My biggest challenges were work-life balance, stress and financial stability. The field of public health and emergency preparedness is often dependent on grant funding and this can be a volatile and difficult environment to work in. Grant funding for these activities is often relative to peaks and troughs in disaster history; a great deal of funding came and subsequently dried up after September 11. This was also the case with Hurricane Sandy and we currently see temporary funding available for Ebola. The peaks and valleys remain a constant source of difficulty for long-term planning, which is a necessity for emergency preparedness. This is one reason Governor Andrew Cuomo’s forward-thinking commitment to create the world’s first College of Emergency Preparedness, Homeland Security and Cybersecurity at UAlbany is such a promising endeavor, it leverages expertise to help not only New York, but also the nation prepare to meet the challenges posed by the next natural disaster or terrorist attack.
Emergency preparedness professionals, ranging from first responders to physicians and public health practitioners, know it is not always an easy field. There is a great deal of training and certification required and at some point you will sacrifice time with family to deal with the inevitable crisis. But at the end of the day, you will find fulfillment by knowing that you have done something to help those most in need, whether it is flood victims or young patients fighting H1N1.
In terms of leadership opportunities, being a woman has not affected my opportunities for professional development. I have been a crew chief, training officer, and secretary-elect. None of my positions were affected by my Latina ethnicity. If anything, I think my race and sex have been an asset. Women should be aware that careers in emergency management preparedness, public health and public service can be difficult to balance with young children. Disasters mandate professional obligations before, during and after each disaster and the decision to choose family or career can be grueling. That being said, second to my children and husband, being a public servant has provided me with some of the most fulfilling and meaningful experiences of my life.
In the spring of 2005, I was a Ph.D. student at SUNY Albany’s Rockefeller College of Public Affairs and Policy studying political science. Rockefeller actively works to place graduate students in internships with government agencies. With their support, I was offered as position for the summer with New York’s Office of Homeland Security. After a summer working on a variety of homeland security projects, I knew I wasn’t ready to leave the agency. Lucky for me, OHS offered me a full-time position and I was able to stay in a permanent capacity. Since that time, I’ve had the benefit of working on a diverse portfolio of projects, including the development of targeted programs to support first responders, strategies to guide our homeland security initiatives and efforts to assess our preparedness levels in the state. This work has been professionally rewarding, but has also been personally fulfilling as well. My uncle was a Firefighter with the FDNY who was killed during the September 11th terrorist attacks. Working in this field has given me a way to honor his memory by working not only with the Fire Service, but also with a variety of first responders across the state.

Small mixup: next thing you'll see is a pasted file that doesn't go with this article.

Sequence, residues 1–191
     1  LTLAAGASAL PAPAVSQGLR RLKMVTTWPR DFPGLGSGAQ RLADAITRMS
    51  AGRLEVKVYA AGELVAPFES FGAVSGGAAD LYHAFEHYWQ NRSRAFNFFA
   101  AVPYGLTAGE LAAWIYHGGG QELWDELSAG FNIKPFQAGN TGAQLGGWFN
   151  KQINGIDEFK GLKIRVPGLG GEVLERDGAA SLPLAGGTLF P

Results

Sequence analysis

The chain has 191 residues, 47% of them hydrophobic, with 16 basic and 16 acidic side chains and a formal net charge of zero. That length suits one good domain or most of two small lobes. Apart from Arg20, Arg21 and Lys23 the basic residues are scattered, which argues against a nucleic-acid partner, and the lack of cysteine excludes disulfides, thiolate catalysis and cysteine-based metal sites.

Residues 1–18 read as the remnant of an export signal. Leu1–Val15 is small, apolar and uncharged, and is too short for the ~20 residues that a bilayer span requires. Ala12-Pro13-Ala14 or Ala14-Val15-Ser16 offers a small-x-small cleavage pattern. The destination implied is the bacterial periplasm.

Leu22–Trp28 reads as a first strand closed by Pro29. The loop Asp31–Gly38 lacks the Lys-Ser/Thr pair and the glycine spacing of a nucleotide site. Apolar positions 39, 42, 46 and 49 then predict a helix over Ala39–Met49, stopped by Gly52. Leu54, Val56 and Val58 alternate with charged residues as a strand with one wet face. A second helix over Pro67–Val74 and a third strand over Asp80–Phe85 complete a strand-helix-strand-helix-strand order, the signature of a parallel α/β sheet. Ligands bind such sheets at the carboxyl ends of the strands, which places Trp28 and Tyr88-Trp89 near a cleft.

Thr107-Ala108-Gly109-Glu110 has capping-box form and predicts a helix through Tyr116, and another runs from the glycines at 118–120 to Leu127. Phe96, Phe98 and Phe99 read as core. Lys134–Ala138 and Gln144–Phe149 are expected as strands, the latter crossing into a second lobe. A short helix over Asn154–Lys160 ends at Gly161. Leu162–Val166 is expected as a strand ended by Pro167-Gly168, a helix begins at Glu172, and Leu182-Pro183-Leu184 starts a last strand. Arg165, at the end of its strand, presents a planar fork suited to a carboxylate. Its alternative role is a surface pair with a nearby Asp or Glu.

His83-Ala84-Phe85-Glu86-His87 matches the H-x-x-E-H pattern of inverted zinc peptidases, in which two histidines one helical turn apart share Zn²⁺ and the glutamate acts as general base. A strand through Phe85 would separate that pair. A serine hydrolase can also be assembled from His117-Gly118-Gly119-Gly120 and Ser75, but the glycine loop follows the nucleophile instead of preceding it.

When I began working for the agency, I was very young, very green and had a background that was primarily in academia. Almost immediately, I was working with experienced, “boots on the ground” responders who had already worked a variety of major incidents throughout their respective careers. To overcome my lack of experience, I worked hard to use what skills I had and to assist my colleagues in all projects, large or small. I spent a lot of time working with the agency’s experts to translate their specialized knowledge into documents presented to stakeholders from our own executives to the general public. I tried to understand the unique needs and concerns of the different groups I worked with and to ensure these issues were documented and addressed. An early example of this is our work with the state’s Hazardous Materials Response Teams. Feedback from local teams indicated that they needed direct funding to build regional response capabilities. I worked with representatives from the state’s Office of Fire Prevention and Control to research this issue, develop a business plan to support the community and ultimately, develop a grant program that has been funded since 2008 (with almost $10 million invested) to support this community.